But what Periello appears to be proposing is not just to subsidize the actual degrees or certificates or licensures, but the actual attendance at and participation in Virginia’s Community College System – regardless of completion.

So if we take every full-time student in Virginia – over 111,000 students statewide – and assume an average annual tuition of $4,275, that equals over $475M in new general fund expenditures. If we add part-time students into that mix – an additional 142,000 students – and assume for simplicity’s sake a an average ½ tuition of $2,137.50, that brings the grand total in new tuition expenditures to a staggering $778 million dollars.

But there may be a simpler way to calculate this, given Periello’s initial proposal. VCCS’s total budget in FY2016 was $1,676,561,112 – that’s $1.7 billion dollars. Only $405M of that money is paid for by general funds (taxpayer dollars). The rest ($1.25 billion) is paid for by tuition, fees, grants, and other revenue streams that are not taxes.

That means a total general fund subsidization – free tuition, waived fees, etc. – of VCCS could be as high as $1.7 billion, or $1.25 billion in NEW expenditures. Even if we subtract the amount of grants VCCS received — $105,000,000 in FY 2014 – that does not move the needle very much. Again, this is about $5,000 per student per year regardless of completion, which (if they all graduate in two years) would take over 25 years to actualize a net gain in taxpayer revenue.

Keep in mind, this also does not account for the increased enrollment in VCCS as a result of total subsidization. If Community College is “free,” there will naturally be more high-school graduates attending to further their education. Increased enrollment creates a need for new faculty, new staff, new buildings and infrastructure, new land, new equipment, and so forth. That would necessarily raise the cost of tuition – paid for by the citizens of the Commonwealth – so these numbers would eventually be much higher.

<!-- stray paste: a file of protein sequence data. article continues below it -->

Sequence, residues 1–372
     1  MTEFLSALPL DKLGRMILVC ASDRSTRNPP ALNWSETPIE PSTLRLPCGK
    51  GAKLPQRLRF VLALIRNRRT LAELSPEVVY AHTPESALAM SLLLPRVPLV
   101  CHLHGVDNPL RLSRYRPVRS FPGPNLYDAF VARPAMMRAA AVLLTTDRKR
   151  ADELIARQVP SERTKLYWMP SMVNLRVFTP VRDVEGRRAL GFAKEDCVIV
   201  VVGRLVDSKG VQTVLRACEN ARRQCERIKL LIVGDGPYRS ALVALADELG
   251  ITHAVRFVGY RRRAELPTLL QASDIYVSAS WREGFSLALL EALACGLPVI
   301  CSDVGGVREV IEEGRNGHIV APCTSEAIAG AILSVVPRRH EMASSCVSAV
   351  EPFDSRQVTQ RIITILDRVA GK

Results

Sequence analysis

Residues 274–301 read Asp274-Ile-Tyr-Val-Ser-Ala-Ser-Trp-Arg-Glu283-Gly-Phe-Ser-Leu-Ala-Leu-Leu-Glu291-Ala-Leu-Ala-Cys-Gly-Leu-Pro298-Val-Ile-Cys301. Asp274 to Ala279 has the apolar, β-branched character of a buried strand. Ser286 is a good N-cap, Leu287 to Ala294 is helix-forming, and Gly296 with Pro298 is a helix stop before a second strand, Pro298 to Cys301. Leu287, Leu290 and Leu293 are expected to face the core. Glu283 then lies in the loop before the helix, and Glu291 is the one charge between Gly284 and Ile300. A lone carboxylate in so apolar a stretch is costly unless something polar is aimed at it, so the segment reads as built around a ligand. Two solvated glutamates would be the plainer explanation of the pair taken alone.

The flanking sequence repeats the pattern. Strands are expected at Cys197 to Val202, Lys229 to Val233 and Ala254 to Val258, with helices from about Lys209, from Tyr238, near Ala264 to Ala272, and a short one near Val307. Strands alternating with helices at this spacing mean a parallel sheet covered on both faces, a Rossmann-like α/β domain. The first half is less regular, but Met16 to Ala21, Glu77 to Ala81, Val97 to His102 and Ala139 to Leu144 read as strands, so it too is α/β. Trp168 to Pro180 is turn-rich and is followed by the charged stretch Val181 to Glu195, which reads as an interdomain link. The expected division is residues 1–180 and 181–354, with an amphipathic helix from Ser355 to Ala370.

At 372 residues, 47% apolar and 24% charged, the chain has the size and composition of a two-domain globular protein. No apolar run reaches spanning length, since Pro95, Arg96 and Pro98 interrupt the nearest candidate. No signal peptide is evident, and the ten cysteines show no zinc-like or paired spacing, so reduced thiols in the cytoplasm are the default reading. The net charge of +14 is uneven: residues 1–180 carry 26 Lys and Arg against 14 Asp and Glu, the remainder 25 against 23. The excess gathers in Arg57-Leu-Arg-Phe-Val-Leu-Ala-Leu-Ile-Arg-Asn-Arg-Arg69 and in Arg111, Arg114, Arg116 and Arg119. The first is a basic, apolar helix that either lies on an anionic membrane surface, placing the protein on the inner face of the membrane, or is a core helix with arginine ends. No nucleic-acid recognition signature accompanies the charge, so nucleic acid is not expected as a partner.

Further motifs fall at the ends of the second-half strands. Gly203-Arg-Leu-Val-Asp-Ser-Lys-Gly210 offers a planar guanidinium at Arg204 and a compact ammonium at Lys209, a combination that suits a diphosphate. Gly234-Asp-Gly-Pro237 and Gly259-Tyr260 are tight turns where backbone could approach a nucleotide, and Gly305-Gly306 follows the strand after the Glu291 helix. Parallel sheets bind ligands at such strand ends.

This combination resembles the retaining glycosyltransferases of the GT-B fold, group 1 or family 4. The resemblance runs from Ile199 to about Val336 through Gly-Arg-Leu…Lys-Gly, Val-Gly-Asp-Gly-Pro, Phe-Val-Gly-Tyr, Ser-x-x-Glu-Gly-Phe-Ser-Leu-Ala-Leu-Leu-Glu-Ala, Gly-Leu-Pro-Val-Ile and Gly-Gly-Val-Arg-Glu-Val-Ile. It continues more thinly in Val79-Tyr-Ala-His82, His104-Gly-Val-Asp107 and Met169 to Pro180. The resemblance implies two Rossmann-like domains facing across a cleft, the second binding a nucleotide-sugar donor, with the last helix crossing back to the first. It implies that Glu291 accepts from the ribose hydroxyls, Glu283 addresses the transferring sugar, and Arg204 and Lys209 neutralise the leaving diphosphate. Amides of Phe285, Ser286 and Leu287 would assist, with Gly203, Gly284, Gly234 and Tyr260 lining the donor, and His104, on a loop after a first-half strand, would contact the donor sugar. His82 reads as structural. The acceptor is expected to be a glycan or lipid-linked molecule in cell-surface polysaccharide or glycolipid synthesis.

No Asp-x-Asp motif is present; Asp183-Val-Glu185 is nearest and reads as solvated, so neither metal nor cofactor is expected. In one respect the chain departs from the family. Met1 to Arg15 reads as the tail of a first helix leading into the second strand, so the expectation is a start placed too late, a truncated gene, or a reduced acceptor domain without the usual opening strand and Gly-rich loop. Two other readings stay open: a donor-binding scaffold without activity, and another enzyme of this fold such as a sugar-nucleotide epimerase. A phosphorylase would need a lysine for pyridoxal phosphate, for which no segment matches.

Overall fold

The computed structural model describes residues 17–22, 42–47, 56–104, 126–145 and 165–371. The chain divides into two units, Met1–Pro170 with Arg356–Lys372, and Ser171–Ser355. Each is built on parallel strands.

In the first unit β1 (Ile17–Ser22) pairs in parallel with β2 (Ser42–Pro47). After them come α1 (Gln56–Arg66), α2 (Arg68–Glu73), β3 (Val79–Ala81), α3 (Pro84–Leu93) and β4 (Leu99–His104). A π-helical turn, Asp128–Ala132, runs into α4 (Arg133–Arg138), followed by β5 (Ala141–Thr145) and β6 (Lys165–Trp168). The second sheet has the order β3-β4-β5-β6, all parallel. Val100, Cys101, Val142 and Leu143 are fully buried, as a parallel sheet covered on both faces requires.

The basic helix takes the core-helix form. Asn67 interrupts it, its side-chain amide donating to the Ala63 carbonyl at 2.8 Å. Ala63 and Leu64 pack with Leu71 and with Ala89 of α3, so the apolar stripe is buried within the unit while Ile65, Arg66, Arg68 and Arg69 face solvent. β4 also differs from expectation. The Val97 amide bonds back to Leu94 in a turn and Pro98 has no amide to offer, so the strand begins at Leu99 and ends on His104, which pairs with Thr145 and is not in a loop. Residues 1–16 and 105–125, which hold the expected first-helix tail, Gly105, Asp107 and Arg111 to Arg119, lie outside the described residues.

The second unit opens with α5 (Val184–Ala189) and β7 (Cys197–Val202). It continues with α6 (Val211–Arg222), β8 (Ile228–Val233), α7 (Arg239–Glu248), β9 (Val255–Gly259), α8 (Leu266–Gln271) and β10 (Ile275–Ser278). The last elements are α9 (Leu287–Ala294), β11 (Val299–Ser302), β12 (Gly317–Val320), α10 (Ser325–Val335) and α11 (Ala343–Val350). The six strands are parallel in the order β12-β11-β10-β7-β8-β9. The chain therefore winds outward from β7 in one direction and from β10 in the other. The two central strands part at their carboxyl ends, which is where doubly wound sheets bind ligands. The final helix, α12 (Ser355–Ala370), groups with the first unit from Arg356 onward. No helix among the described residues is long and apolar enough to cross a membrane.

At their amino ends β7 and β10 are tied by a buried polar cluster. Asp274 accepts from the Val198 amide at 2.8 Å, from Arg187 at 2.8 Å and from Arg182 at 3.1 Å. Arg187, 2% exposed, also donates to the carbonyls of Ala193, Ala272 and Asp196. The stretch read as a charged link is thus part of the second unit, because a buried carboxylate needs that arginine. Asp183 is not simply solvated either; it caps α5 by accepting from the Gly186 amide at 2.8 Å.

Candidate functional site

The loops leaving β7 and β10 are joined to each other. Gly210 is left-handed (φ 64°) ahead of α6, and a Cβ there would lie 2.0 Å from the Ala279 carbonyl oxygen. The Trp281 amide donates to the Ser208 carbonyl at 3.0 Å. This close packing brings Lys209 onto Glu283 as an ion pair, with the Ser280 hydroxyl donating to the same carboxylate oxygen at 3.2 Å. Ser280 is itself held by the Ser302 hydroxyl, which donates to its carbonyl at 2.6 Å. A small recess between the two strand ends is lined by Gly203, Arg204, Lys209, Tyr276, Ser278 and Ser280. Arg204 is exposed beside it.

With all of this in mind, it does not appear this is a wise workforce development investment at all. And it’s not because community college is “not worth it.” But in an economy in which employers themselves increasingly are starting or expanding specialized and proprietary apprenticeship or on-the-job training programs specific to their needs, there are alternatives to subsidizing general workforce requisites.

In the spirit of satisfying a growing demand for skilled labor, perhaps it’s not the Virginia Community College System we should be looking at. Perhaps we should not presume it’s necessary to expand subsidized education to meet those demands, but rather we should modify the goals of existing public education. Perhaps – and here’s a crazy idea – we should look to secondary-education institutions to train their students generally to adapt to an automated economy; teach skilled trades and customer service; teach robotics and cyber at a younger age. But that’s a conversation for another time.


[1] Source: Virginia Community College System (VCCS)

[2] U.S. Census Bureau, American Community Survey